It is illustrative in the context of the restructuring of the GEF to dwell briefly on the Montreal Protocol.10 This protocol to the Vienna Convention for the Protection of the Ozone Layer11 requires both developing and developed countries to reduce the production and consumption of chlorofluorocarbons, but it does not have a specific mechanism to meet the substantial costs of developing countries that are adopting substitutes for ozone-depleting substances. The issue of financing mechanisms was raised by France in the Development Committee in 1989 at the same time that the proposal for the GEF was first tabled. The ensuing negotiations led to the establishment of a fund for the purposes of the Montreal Protocol, the Interim Multilateral Fund, to assist developing countries in meeting their obligations under the protocol for a period of three years starting January 1, 1991.

For purposes of the operation of the Interim Multilateral Fund, an Executive Committee was established with 14 members, 50 percent of which are from industrialized countries and 50 percent from developing countries that are potential beneficiaries of this fund. The Executive Committee develops policies, plans, budgets, and criteria for project eligibility; it also approves country programs for compliance and cooperates with the implementing agencies according to their respective areas of expertise. The functions of the three agencies are similar to those under the GEF. The parties to the protocol meet once a year, and each of the agencies has entered into a separate agreement with the Executive Committee for carrying out the activities to be financed. The agreement of the Bank with the Executive Committee of the Interim Multilateral Fund provides for an Ozone Projects Trust Fund to be financed out of the Interim Multilateral Fund, which became permanent in 1992.12 The Bank is the trustee only of the funds for the projects for which it is the implementing agency. Funding for the years 1994–96 will amount to approximately $500 million, from assessed contributions by all parties to the Montreal Protocol, based on the UN contribution scale.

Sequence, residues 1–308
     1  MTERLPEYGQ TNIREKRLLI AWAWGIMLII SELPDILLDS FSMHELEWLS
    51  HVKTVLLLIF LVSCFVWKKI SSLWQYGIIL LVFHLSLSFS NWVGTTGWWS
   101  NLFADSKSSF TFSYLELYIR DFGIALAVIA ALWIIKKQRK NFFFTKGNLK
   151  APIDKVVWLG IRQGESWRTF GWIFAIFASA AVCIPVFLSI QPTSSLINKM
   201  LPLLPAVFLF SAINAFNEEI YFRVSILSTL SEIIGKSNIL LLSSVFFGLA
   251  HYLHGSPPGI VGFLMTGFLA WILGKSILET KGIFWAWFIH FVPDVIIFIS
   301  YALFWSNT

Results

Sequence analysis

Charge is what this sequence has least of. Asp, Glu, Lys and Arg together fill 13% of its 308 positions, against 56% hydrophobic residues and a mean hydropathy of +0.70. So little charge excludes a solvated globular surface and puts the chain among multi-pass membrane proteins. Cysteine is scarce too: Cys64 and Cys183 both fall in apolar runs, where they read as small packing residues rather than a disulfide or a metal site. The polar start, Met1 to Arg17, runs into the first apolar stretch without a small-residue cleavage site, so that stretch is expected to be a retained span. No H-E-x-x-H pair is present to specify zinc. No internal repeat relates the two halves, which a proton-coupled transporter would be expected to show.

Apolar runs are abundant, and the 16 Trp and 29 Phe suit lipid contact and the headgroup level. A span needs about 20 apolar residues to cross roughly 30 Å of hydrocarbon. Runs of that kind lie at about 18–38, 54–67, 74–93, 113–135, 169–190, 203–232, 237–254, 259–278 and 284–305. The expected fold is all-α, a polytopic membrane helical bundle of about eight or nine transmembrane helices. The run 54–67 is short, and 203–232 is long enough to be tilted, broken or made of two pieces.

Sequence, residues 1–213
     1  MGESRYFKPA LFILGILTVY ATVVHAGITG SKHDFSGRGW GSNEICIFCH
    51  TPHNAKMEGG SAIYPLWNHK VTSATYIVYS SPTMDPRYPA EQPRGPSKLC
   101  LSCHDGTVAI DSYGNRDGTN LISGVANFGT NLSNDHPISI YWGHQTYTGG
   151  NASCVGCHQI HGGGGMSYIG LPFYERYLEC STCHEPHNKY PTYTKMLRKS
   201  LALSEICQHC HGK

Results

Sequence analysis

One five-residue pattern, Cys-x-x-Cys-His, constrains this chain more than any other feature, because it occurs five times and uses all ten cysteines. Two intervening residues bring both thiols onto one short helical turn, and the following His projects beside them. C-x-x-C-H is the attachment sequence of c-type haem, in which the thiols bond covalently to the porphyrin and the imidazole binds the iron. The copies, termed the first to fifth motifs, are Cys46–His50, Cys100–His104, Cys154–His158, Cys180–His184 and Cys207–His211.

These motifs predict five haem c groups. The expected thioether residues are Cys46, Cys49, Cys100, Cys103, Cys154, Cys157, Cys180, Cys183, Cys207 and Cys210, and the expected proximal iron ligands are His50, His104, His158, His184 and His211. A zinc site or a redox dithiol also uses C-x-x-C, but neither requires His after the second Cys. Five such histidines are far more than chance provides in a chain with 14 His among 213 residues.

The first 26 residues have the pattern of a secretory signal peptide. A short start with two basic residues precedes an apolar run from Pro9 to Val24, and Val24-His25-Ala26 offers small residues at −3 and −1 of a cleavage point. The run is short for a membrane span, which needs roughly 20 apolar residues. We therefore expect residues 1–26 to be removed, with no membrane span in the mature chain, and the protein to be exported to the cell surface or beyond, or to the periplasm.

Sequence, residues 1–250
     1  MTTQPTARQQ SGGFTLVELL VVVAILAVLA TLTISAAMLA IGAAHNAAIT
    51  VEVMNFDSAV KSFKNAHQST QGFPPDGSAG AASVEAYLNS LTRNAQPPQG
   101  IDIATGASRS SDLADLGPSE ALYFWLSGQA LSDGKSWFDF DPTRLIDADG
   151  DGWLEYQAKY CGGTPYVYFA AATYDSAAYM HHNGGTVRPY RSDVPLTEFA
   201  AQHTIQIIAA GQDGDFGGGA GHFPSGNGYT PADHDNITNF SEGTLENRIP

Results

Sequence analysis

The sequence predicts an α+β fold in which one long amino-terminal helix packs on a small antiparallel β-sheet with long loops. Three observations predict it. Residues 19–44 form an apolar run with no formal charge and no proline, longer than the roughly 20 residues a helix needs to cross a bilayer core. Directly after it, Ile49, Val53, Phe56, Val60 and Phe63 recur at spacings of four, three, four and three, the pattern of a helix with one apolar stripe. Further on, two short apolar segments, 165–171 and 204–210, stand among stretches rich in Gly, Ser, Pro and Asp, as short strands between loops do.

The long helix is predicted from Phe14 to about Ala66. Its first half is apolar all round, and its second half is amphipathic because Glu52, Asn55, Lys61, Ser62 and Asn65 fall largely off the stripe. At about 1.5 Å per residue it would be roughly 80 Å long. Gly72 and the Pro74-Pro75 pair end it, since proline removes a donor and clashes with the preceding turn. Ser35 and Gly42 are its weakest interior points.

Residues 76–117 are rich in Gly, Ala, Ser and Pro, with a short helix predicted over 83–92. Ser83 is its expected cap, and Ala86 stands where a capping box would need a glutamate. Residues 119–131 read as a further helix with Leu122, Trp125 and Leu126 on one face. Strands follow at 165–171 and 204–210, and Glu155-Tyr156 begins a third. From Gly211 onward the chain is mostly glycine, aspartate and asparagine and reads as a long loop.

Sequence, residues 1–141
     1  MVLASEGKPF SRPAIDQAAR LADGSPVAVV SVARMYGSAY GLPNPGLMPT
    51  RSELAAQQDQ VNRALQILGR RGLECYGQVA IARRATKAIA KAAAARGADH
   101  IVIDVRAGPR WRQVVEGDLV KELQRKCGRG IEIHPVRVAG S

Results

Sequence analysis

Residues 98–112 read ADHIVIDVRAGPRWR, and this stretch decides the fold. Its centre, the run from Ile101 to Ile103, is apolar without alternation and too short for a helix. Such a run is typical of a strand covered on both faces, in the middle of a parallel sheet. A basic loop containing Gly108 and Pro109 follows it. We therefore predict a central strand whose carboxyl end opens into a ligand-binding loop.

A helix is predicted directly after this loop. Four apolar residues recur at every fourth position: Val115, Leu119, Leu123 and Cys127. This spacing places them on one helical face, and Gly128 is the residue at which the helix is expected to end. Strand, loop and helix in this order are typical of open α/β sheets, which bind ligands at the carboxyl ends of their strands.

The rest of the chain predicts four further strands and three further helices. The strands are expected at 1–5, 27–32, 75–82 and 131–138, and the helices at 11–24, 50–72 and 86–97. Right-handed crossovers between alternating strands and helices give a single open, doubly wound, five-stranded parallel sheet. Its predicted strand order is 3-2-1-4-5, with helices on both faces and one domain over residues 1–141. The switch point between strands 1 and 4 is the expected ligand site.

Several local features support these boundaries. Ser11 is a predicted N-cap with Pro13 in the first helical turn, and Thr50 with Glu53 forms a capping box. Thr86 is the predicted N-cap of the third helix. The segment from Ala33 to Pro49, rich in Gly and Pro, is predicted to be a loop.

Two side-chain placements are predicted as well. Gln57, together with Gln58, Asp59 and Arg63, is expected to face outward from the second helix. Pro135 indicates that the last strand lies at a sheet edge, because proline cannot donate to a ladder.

The New GEF

As early as 1992, the participants of the GEF agreed that its structure should be adjusted so that it could play a permanent role beyond the pilot phase. For this purpose, a number of principles were agreed providing, inter alia, that “the GEF should build on proven institutional structures, such as the partnership among UNDP, UNEP, and the World Bank, thus avoiding the creation of new institutions,” and that the GEF would be “transparent and accountable to contributors and beneficiaries alike.”13

Agenda-21 of UNCED, the United Nations Framework Convention on Climate Change, and the United Nations Convention on Biological Diversity also called for the restructuring of the GEF as a prerequisite for its designation as the financial mechanism of these conventions.14

The negotiating process, which concluded in March 1993, lasted two years and required seven meetings of the participants. During this drawn-out process, the replenishment negotiations and the changes in the structure interplayed, nearly placing the process in jeopardy. The role of the Bank, the apportionment of the contributions, voting, and the “institutionalization” of the GEF as a distinct entity were among the topics that attracted the most attention. The result is a $2 billion fund entrusted to the Bank and the Instrument for the Establishment of the Restructured Global Environment Facility.15

The GEF has become universal. Any state that is a member of the UN or its specialized agencies may become a party and does not need to contribute to do so. The GEF has an elaborate structure, which may be contrasted to the meetings of the parties and the secretariat in the pilot phase. It has now an Assembly, a Council, and a Secretariat.16 The Assembly consists of representatives of all participants but meets only once in three years, that is, once during the replenishment period. Its function is one of reviewing the GEF’s membership, its policies, and its operation.

The Council will be composed of 16 members from developing countries, 14 from developed countries, and 2 from countries with economies in transition. The Council will meet semiannually. The chairmanship shall alternate from one meeting to another between recipient and nonrecipient Council members. The Chief Executive Officer (CEO) will cochair the meetings. The Council will approve the work program, and individual projects within the program will be developed and approved by each of the agencies. The CEO will endorse each project before final project approval. The Council may review a project prior to final approval by the agency concerned if at least four Council members so request.

The Secretariat is to service and report to the Assembly and the Council. The Secretariat will be supported by the Bank but be functionally independent. The CEO is to be appointed for three years by the Council on the joint recommendation of the implementing agencies.